That iPhone 5 up there isn't an iPhone 5. It's a flawless computer image we had months before we ever saw the real thing, made possible by the fact that we knew exactly what it was going to look like. Exactly. Everyone did.
We used to look forward to iPhone day like Christmas morning, or some sort of decadent electric Bat Mitzvah party. It was shrouded in secrecy. Apple secrets. "One more thing." Now, we get it all from China months in advance. Are Apple's exciting days over?
Let's get one thing clear: Apple still makes exciting things. The iPhone 5 is an incredible phone, and one that's genuinely exciting to own. There's nothing boring about the phone itself. But we knew what it was going to look like in May. May! We had photos of the iPhone 5 a quarter of a year in advance of it even being announced. So when it was announced, there was nothing to reveal — anyone who really cared had already seen it.
And for Apple, even back when people cared about the iPod in large groups, the reveal was huge. Steve Jobs wasn't just a brilliant computer tyrant — he was the greatest corporate showman of our time. He made consumer electronics something people clapped loudly about, and watched local news reports on, and stood in line for. He could drum up hype and sweaty anticipation like none other, in part because the things Apple sells are terrific, but largely because they are awesome-looking, and us human apes love being shown cool-looking things that we weren't expecting. Fireworks. The Oscars. The new iPhone. We love being surprised, and we love a company that can consistently surprise us. Apple had a monopoly on this kind of super-hype, because it kept projects locked down tighter than secret Santa at the Pentagon. The place was a vortex of mystery — until Steve trotted it out on stage and we squealed.
Now China does it. Whoever the person or people behind these consistently perfect leaks might be, they're on their A-game, like some sort of Shenzhen Robin Hood. Instead of the big show, we get the steady flow of grainy, watermarked Apple things from bad angles, in harsh lighting, and covered in plastic wrap. It's the difference between seeing a movie and buying a bootleg DVD from some guy behind a CVS, but the effect is profound: Apple can't surprise us anymore, and its stellar products yield an "oh, cool, here it is" response instead of an orgiastic communal jaw-drop. It happened with the iPhone 5.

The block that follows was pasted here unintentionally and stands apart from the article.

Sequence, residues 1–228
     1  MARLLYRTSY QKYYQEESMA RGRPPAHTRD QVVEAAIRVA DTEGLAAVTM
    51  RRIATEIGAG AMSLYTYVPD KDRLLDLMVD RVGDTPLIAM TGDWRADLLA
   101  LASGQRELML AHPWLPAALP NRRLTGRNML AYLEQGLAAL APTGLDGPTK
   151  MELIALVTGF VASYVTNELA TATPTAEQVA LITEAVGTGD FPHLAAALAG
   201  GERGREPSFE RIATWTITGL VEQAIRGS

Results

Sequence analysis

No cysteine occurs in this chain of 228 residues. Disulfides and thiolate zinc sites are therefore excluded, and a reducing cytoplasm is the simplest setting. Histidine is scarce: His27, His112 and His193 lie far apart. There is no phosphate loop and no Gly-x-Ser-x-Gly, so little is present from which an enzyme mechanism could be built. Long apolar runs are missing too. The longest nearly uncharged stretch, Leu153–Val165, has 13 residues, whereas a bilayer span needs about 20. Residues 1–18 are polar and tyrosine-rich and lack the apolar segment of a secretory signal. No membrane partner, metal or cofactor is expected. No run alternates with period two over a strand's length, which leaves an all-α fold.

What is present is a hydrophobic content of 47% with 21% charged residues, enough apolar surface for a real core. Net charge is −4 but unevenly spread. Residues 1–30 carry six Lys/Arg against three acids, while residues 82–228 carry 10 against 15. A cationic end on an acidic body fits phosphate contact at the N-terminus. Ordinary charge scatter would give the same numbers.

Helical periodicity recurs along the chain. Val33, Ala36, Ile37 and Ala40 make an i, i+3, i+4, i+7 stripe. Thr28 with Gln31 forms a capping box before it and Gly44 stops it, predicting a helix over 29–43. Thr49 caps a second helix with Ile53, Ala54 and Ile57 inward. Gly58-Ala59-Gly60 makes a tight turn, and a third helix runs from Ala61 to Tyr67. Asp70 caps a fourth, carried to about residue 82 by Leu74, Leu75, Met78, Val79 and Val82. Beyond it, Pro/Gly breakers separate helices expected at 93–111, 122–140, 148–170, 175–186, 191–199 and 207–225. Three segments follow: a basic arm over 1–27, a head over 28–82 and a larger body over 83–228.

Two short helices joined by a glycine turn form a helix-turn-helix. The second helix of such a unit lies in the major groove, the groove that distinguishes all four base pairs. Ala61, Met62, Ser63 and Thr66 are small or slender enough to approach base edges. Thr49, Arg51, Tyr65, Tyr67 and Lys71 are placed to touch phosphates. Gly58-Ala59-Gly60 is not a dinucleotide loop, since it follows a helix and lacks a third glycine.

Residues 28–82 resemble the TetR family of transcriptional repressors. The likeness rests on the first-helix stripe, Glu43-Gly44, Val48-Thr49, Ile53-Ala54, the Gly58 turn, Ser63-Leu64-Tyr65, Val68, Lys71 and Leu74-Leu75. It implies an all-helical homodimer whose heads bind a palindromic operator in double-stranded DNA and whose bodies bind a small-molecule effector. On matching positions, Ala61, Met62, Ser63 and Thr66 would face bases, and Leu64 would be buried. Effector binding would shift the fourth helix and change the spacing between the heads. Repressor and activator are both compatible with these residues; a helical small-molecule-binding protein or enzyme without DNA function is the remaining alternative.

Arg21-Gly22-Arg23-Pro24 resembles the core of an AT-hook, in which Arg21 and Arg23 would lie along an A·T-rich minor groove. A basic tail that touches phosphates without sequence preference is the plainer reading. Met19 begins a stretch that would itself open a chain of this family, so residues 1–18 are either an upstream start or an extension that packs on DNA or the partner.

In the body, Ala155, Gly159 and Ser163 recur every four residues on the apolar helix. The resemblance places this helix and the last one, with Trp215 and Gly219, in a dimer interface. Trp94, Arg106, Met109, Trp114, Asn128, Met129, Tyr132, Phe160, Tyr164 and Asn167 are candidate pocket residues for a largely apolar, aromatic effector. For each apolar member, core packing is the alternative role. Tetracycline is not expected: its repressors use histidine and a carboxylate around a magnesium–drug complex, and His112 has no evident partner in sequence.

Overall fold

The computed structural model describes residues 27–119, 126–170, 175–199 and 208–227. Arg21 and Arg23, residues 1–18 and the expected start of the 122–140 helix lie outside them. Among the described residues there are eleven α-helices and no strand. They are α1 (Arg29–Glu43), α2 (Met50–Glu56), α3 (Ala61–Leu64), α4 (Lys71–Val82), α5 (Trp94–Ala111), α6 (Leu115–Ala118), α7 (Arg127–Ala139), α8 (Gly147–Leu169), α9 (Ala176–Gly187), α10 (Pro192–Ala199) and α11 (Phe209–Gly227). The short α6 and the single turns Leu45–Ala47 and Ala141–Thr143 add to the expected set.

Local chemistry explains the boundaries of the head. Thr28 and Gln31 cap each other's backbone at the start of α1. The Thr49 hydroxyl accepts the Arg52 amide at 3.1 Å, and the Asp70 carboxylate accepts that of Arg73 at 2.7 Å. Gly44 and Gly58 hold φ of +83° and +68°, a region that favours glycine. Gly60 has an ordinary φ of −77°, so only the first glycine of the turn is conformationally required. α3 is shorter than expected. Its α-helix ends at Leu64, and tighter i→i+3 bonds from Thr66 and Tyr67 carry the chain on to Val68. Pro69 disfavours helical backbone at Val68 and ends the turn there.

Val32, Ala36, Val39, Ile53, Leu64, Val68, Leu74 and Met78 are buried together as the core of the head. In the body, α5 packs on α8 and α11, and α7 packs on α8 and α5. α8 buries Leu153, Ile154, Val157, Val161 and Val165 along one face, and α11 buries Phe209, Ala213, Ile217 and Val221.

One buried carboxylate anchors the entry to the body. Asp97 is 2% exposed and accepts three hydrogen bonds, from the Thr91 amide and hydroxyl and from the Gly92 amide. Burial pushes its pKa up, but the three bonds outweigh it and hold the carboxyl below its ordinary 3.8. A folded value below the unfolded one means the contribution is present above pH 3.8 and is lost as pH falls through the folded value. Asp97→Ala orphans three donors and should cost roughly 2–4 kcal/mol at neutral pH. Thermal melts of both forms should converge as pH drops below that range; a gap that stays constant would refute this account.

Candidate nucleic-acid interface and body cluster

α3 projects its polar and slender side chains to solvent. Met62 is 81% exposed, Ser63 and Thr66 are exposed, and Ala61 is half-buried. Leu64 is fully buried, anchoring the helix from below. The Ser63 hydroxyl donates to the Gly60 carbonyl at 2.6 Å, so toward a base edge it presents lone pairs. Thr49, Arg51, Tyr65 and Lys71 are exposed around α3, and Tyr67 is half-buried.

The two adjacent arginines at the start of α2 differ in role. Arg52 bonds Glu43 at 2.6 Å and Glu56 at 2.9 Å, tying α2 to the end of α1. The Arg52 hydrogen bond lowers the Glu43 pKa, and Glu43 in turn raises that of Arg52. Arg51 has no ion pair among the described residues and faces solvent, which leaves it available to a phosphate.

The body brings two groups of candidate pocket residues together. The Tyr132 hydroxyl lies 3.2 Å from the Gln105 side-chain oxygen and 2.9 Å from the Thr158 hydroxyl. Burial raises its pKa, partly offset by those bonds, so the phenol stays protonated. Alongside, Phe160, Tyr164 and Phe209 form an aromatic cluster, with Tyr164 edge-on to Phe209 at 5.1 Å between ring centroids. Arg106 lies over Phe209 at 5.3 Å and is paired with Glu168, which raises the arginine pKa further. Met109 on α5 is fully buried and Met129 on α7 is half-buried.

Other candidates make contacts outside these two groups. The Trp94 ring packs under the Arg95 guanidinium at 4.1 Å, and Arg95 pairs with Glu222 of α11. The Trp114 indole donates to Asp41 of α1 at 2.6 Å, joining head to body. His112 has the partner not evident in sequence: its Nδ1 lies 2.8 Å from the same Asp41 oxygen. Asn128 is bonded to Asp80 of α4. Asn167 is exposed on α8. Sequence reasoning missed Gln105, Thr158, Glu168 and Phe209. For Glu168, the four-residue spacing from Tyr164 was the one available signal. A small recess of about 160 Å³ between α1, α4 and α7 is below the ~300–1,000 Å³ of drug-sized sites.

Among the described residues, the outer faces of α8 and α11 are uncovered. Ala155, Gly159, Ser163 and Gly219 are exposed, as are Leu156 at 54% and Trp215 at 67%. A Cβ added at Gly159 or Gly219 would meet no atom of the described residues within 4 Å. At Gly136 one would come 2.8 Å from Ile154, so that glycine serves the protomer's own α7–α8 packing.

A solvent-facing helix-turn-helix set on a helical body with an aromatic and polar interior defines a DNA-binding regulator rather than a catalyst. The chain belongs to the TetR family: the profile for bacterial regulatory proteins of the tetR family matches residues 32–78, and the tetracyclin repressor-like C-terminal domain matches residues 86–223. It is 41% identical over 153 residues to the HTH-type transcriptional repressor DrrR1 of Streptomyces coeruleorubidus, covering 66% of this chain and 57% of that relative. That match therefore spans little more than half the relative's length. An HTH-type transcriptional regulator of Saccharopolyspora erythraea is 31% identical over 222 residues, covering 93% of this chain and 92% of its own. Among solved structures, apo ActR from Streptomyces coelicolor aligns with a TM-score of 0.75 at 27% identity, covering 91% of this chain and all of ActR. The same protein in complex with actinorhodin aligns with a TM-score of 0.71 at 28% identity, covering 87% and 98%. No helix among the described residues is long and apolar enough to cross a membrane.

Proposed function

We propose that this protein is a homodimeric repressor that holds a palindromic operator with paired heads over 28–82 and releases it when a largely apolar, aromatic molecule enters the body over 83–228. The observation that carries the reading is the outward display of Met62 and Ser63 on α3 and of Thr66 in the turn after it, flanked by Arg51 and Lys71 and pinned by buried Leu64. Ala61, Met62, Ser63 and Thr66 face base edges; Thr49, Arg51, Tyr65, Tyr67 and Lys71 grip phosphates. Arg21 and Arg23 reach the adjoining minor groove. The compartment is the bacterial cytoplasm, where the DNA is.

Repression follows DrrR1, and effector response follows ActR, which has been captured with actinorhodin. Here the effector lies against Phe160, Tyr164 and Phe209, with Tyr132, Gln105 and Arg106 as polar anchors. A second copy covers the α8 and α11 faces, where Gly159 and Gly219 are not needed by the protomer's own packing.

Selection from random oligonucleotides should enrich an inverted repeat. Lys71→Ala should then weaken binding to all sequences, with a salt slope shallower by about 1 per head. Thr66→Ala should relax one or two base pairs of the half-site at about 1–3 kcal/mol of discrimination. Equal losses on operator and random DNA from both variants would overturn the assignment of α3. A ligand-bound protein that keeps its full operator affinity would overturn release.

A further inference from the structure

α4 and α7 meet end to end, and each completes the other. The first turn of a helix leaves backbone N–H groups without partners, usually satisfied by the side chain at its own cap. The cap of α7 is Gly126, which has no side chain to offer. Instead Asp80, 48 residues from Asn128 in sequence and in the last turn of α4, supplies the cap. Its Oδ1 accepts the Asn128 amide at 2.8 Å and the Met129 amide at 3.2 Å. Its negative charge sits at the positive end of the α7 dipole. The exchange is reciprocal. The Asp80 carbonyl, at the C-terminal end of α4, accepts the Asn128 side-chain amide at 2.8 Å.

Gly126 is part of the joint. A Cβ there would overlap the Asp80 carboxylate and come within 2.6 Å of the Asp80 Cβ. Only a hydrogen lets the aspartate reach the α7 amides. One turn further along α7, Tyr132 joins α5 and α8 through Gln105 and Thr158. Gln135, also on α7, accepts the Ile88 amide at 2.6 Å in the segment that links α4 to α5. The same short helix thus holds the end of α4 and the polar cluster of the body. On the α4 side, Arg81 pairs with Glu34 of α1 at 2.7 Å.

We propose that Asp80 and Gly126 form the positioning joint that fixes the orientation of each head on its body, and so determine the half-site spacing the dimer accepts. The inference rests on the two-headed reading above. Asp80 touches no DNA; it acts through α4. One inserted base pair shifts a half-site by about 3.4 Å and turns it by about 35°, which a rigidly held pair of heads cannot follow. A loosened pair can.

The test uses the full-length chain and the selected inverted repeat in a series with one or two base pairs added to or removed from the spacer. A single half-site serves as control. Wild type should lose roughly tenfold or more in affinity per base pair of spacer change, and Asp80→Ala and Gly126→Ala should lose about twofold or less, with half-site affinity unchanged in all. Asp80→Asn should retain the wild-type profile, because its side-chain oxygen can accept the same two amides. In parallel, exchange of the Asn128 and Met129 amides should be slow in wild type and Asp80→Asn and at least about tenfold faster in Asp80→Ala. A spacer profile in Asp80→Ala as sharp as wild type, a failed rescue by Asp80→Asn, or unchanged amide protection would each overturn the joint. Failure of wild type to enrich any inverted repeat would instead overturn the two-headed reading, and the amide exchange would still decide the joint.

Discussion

And frankly, good. We've been fetishizsng iThings for almost a decade now, far beyond the attention they command as top-tier devices. Apple deserves admiration and money because it makes wonderful things. But it doesn't deserve to hold people in such thrall over what are still just products. We should be better than drooling at Apple's feet as it waves a shrouded steak over us. It might also bring our expectations down from their stratospheric orbit, whereby anything less than an iPhone 6 made of crystal and sporting omnidirectional laser breasts will satisfy and impress.
When we start treating things like things, we can appreciate them as things, rather than messianic revelations. Apple might lose its hush-hush-kaboom cult of secrecy, but losing the power to shock and awe might be good for everyone. Besides, we're going to buy the damn phone anyway.